According to Hollabaugh’s affidavit, the specifics the March 2001 agreement were that Truckee would purchase 10 megawatts during off-peak hours at $72 per megawatt-hour and 20 megawatts during on-peak hours at the same price. Then, starting Jan. 1, 2003 and ending Dec. 31, 2009, TDPUD would purchase 25 megawatts around the clock from Idacorp at the same $72 per megawatt-hour energy charge.
Since that crisis period, however, rates for power have dropped significantly, information about power marketers like Enron manipulating Western markets and unfairly driving up prices has surfaced, and the TDPUD finds itself with unreasonable energy bills as it tries to light up its customers’ homes.
And according to Hollabaugh, that isn’t the end of it.
As part of TDPUD’s contract with the Idacorp, it was forced to buy a surplus of power in order to receive the rates it did on a long-term basis.
“One of the problems is that Truckee has such a unique power load,” Hollabaugh said. “We have our peaks on weekends and holidays, as well as during the winter – times when other areas do not.”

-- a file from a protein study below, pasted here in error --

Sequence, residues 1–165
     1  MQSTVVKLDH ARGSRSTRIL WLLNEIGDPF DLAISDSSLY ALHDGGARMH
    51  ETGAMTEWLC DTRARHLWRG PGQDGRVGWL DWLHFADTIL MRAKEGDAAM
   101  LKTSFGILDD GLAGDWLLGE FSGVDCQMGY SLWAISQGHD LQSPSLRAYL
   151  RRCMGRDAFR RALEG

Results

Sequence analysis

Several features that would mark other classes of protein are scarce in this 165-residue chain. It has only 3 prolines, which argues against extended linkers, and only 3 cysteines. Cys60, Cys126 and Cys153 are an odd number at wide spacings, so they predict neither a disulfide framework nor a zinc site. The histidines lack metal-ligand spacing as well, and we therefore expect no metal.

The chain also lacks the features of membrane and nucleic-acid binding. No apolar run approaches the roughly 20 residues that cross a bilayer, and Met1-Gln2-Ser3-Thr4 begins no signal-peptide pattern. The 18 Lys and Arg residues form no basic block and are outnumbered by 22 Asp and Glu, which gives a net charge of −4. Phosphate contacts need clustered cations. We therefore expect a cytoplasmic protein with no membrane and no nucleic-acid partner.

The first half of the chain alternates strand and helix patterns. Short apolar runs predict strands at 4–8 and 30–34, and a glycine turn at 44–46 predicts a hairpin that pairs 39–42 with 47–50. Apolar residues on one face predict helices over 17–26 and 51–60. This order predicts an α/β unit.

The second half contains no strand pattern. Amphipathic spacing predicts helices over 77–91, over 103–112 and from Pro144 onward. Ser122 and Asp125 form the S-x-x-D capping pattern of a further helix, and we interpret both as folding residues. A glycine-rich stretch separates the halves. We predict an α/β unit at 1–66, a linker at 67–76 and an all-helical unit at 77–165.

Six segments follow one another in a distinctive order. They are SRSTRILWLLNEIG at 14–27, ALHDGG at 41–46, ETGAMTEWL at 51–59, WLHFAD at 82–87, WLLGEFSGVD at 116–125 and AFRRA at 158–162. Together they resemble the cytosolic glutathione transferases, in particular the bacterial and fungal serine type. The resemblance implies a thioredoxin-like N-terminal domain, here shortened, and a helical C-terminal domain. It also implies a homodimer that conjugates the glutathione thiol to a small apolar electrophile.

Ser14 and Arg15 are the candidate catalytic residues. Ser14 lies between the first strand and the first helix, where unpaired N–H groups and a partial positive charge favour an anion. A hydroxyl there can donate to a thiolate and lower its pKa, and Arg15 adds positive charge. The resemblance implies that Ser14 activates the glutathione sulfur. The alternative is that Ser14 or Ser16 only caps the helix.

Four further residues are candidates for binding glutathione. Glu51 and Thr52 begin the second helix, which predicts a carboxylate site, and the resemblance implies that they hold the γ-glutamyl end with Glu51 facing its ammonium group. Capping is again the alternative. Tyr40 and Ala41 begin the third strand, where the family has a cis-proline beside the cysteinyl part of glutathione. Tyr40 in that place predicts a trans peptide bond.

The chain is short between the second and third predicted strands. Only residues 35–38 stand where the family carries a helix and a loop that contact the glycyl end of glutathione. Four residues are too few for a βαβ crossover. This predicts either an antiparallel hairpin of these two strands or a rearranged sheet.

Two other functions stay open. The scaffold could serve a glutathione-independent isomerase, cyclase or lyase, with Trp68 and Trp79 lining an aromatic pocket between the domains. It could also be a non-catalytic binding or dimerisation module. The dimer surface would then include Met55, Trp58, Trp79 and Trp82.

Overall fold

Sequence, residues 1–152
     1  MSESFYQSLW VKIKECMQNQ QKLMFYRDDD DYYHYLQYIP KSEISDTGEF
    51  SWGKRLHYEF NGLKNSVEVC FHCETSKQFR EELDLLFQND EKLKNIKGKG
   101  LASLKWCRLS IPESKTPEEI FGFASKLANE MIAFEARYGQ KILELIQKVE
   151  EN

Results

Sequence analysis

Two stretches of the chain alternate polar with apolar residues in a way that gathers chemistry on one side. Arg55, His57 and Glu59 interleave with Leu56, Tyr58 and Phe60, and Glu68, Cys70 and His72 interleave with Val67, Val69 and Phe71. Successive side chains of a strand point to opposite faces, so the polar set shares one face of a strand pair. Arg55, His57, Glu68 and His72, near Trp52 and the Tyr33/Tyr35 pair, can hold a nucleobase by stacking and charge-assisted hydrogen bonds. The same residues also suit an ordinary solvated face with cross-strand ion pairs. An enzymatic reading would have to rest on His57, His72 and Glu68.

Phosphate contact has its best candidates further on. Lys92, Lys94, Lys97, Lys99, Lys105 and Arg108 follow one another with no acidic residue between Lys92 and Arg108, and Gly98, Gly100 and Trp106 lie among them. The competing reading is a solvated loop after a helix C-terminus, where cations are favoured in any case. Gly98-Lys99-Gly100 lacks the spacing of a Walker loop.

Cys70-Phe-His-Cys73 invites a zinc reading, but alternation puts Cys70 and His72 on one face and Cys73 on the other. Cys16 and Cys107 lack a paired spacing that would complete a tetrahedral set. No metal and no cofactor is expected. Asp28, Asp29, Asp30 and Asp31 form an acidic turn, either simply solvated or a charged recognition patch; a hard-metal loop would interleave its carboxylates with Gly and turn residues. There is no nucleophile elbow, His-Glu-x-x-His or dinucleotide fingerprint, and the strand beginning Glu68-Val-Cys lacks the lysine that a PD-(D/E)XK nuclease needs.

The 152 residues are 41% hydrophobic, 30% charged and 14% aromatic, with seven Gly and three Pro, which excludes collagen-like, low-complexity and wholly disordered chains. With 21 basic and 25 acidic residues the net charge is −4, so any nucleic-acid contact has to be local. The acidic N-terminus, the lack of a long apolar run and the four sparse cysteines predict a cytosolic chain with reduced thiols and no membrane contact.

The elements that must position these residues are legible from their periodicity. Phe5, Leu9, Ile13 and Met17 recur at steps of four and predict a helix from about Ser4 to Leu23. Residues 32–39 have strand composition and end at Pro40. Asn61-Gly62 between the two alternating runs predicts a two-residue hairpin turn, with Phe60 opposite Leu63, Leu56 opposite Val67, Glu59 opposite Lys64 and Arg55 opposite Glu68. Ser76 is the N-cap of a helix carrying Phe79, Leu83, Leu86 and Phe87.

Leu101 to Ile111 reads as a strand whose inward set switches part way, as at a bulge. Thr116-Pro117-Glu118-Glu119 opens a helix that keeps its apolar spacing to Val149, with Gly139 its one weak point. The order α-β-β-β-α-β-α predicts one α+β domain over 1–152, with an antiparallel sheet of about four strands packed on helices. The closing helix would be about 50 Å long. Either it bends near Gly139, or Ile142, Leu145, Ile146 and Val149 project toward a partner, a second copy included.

As a surplus in power was further draining financially on the district, another agreement between the two parties was that Idaho Power would use its “best efforts” to help Truckee remarket that surplus.
TDPUD claims that the Idaho parties have repeatedly failed to do so, however, and thus stand in breach of contract.
Since then, Hollabaugh said he’s learned that Idacorp Energy’s obligation under its contract with its sister company, Idaho Power, was to give first priority to marketing Idaho Power’s surplus rather than the surplus of its other customers like TDPUD.
In the end, it isn’t just the district that’s been paying the price, but TDPUD customers, who’ve seen three rate increases for electricity since last Aug., with prices climbing from 6.8 cents per kilowatt-hour to nearly 10 cents.
Even water fees have increased because of the electricity needed to pump water out to people’s homes.